Searching over 5,500,000 cases.

Buy This Entire Record For $7.95

Download the entire decision to receive the complete text, official citation,
docket number, dissents and concurrences, and footnotes for this case.

Learn more about what you receive with purchase of this case.

Crown Beverages, Inc. v. Sierra Nevada Brewing Co.

United States District Court, D. Nevada

April 26, 2017

CROWN BEVERAGES, INC., a Nevada corporation, Plaintiff,
SIERRA NEVADA BREWING CO., a California corporation; Does I through X, inclusive, Defendants.



         I. SUMMARY

         This case centers on a contract dispute between an out of state brewer and a Nevada distributer. Before the Court are a Motion to Dismiss (“Motion”) filed by Defendant Sierra Nevada Brewing Co. (“Sierra Nevada”) (ECF No. 25) and Objections to the Magistrate Judge's March 1, 2016, order on several discovery issues (“Objections”) (ECF No. 71) filed by Plaintiff Crown Beverages, Inc (“Crown”). The Court has reviewed Crown's response (ECF No. 38) and Sierra Nevada's reply (ECF No. 40) to the Motion to Dismiss, as well as Sierra Nevada's response to the Objections (ECF No. 77).

         For the reasons discussed below, Sierra Nevada's Motion is granted in part and denied in part, and Crown's Objections are overruled.


         A. Nevada's Alcohol Distribution Regulatory Scheme

         NRS § 597.120 et seq governs the relationship between alcohol producers (in this case an out of state brewery) and wholesalers in Nevada. Relevant to this case, Nevada requires a brewer to give a wholesaler 90 days' notice before terminating a franchise agreement and also requires the brewer to inform the wholesaler of the reason for the termination. NRS § 597.150(1). The wholesaler is then allowed 60 days to attempt to correct the reason for the termination. NRS § 597.160(3). Furthermore, a supplier must establish good cause for termination. NRS § 597.160(2). Good cause is defined as:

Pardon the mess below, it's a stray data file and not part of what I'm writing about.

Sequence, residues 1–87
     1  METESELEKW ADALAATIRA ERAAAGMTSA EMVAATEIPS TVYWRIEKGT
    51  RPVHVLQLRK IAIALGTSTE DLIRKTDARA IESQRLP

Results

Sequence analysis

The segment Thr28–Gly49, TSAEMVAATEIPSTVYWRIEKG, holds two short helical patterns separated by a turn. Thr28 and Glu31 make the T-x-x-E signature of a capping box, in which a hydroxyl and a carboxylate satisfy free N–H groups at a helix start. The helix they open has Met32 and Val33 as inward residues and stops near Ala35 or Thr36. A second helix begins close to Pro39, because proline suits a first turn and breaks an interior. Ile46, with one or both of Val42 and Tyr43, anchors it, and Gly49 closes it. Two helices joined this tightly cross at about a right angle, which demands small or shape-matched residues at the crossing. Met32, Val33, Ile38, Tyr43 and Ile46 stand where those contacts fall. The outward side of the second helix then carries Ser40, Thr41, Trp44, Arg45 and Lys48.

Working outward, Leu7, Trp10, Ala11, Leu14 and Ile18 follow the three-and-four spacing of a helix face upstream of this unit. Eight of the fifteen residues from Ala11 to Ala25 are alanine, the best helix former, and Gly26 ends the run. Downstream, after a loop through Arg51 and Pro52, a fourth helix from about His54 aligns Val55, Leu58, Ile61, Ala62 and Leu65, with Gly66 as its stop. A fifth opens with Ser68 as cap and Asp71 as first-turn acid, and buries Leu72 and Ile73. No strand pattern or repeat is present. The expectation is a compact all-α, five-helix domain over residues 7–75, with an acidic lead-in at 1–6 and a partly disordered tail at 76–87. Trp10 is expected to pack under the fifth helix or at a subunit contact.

1. Failure by a wholesaler to comply substantially with essential and reasonable requirements imposed on him or her by a supplier, or sought to be imposed by a supplier, if the requirements are not discriminatory as compared with requirements imposed on other similarly suited wholesalers either by their terms or in the manner of their enforcement.
2. Bad faith by the wholesaler in carrying out the terms of the franchise agreement.

NRS § 597.144.

         B. The Relationship Between Sierra Nevada and Crown

         The following facts are based on the allegations in the Amended Complaint (ECF No. 16) and on exhibits attached to Crown's Motion for Preliminary Injunction (ECF No. 14). Crown is a licensed Nevada alcohol wholesaler and importer, and is a registered supplier of alcoholic beverages. (ECF No. 16 ¶¶ 5, 6, 8.) On December 1, 1986, Crown entered into an agreement (“Distribution Agreement”) with Sierra Nevada making Crown the exclusive importer and wholesaler of Sierra Nevada's products in northern Nevada. (Id. ¶ 10.)

         On October 26, 2016, Sierra Nevada sent Crown a letter (“October Letter”) indicating that Sierra Nevada wished to end the business relationship due to Crown's “harassment and bullying tactics directed toward our employees” and asking Crown to “initiate discussions to sell [Crown's] distribution rights.” (Id. ¶ 17; ECF No. 14-4.) On November 3, 2016, Crown filed suit in state court, alleging that Sierra Nevada has violated NRS § 597.120 et seq and committed several torts. (ECF No. 1-1.)